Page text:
78 days ago I left what has been the most impactful experience of my life. As I sit here staring at this computer screen, I struggle to write a review on my time volunteering in Tanzania. I have already written multiple journal entries and blogs, told numerous stories to friends and family, but how can I possibly find the words to suffice how important this trip was in a review. The truth is I can’t. I can’t convey such an experience into words, but I can try.
After four busy years getting my degree at Michigan State University, I decided I needed a mental break before I started medical school. I took the plunge and signed up for 3 months of volunteering alone in Tanzania, not knowing at all what I was really getting myself into. I remember standing at the door of the Twiga volunteer house, suitcase in hand, nervous to walk through the door. The current volunteers were nothing but warm and welcoming and I was even convinced to climb 19,341 feet to the top of Mount Kilimanjaro over New Years.
Not a day goes by where I do not think about Kilimanjaro and my time on that 7-day hike. Through the shivering nights, the laughs shared from the food tent, and the long, slow 8 hour summit hike through the snow during a whiteout, I became family with a group of strangers. Kilimanjaro is like nothing else. It pushed me until I cried, showed me the astounding beauty of 5 different climate zones ranging from jungle to tundra, and provided me with the best climbing guides I could imagine. Never have I felt such a liberating moment than when I stood on top of Uhuru peak, and I am always longing to be back.
My placement was at Hillcrest Nursery School, where I spent my time in a class of about twenty 5-6 year old kids. I remember the first day arriving to the school after a 20 minute walk through a nearby village. The kids instantly ran up to me and the other two volunteers showering us with hugs and hands to hold, screaming, “Teacha! Teacha!”. Over the 3 months I was overwhelmed with the students compassion, eagerness to learn, and curiosity for the world. The teachers at this school are some of the most wonderful, hard-working women I have ever met, and I am thankful for the time I had. I was able to see the progress of the students’ work and noticed how proud and happy I had become. Though some days could be tough, these children are the future and have overall provided me with the most pure happiness I have ever felt, while teaching me to become more patient and committed. These kids whom have much less than you and me, still have the biggest of hearts in the smallest of people.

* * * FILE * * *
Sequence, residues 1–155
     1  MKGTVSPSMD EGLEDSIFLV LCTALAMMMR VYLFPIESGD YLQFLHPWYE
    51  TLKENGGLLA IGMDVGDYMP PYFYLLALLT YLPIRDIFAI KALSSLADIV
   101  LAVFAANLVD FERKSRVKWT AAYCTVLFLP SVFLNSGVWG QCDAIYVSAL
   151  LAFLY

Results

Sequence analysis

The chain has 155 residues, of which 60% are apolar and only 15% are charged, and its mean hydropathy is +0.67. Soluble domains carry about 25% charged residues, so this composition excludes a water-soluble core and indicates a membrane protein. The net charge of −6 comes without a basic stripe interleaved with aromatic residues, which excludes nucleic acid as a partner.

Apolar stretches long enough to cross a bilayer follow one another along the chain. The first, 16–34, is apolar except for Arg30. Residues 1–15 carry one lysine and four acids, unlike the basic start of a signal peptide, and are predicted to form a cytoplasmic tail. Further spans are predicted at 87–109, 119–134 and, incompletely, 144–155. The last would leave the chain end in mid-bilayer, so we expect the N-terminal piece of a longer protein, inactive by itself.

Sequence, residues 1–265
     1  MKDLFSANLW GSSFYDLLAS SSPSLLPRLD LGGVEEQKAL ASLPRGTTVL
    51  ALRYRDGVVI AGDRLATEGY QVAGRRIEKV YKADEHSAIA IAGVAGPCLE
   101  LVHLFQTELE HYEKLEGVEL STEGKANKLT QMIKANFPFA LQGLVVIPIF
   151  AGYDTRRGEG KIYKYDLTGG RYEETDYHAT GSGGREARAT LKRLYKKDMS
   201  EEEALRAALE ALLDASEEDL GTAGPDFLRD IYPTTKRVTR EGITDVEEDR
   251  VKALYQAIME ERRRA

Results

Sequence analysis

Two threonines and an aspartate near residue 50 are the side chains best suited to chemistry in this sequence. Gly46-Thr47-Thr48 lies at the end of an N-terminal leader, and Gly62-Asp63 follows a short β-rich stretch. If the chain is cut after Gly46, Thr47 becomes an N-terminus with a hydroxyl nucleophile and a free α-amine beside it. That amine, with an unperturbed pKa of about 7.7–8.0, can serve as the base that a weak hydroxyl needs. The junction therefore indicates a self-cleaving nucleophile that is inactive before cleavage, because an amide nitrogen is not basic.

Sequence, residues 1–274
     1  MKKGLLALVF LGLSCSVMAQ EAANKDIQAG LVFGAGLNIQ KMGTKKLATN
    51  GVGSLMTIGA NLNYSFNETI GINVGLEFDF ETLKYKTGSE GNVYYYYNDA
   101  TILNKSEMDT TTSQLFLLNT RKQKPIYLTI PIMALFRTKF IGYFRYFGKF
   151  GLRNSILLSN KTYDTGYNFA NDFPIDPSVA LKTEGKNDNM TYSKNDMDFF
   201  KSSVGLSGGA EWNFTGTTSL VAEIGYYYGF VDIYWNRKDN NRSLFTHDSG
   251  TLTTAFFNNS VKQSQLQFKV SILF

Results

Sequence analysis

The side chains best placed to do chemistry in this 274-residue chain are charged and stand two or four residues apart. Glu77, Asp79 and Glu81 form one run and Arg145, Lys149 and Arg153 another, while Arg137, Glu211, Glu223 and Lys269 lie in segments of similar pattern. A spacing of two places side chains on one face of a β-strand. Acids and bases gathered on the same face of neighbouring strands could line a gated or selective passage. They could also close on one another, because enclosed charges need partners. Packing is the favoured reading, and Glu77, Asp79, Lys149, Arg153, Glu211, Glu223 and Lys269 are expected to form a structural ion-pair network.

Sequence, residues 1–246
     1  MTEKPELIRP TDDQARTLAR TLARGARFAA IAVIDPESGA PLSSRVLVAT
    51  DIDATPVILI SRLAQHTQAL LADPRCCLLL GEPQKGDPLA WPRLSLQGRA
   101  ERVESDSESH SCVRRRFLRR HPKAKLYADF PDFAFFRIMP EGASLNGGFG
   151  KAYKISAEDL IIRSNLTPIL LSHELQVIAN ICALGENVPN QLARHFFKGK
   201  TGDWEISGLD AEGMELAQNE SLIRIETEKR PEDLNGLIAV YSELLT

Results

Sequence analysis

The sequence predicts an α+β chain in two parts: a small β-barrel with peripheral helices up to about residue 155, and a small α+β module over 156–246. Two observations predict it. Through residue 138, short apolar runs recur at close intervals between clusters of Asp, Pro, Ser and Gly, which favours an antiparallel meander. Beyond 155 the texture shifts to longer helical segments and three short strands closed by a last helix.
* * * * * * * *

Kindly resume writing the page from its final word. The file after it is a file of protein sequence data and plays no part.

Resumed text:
Aside from my wonderful experiences with the students, Kilimanjaro, and Safari, I made friends that will last a lifetime. Living in the volunteer house allowed me to meet people from all over the world. I feel that there is something very special about befriending people from different countries. It was interesting to trade culture and language differences, but the friends I made also brought about parts of me I have never noticed before. It is amazing to have friends who have been a part of such a meaningful experience in your life and I feel lucky to have friends worth missing, whom I can now visit.
I think back on the person I was before Tanzania, and to the person I have now become. A more independent me: without that comfort person from home, I was forced to expand my comfort zones as I made friends and did things alone. In Tanzania I learned the concept of “African Time” and noticed things do not always happen on time, and sometimes things happen hours later. I became more easy going, as I realized I need to have the ability to adjust expectations in life and take things as they come. Whether it was drinking goat’s blood, taking the public transportation to town to meet a friend alone, or dancing in the rain, I learned the importance of “living in the moment”. Life is to precious to be occupied thinking about the future, or dwelling on the past. We should be focusing on the now, and since Tanzania I have made it my mission to say “yes” to as many safe opportunities that come my way, no matter how silly. Life has so much to offer if you let it.
78 days. It has been 78 days since I left Tanzania. Although the post-travel depression has come and gone and I am adjusted to life back at home, I am always thinking about Tanzania and its beautiful people and versatile landscape. I feel it is so important to experience a new culture in a country that is different from our own, and I recommend volunteering abroad to anyone, as you will find giving back provides you with a sense of purpose. This experience has only made me more competent and ready to take on the world, and I know that one day I will be back.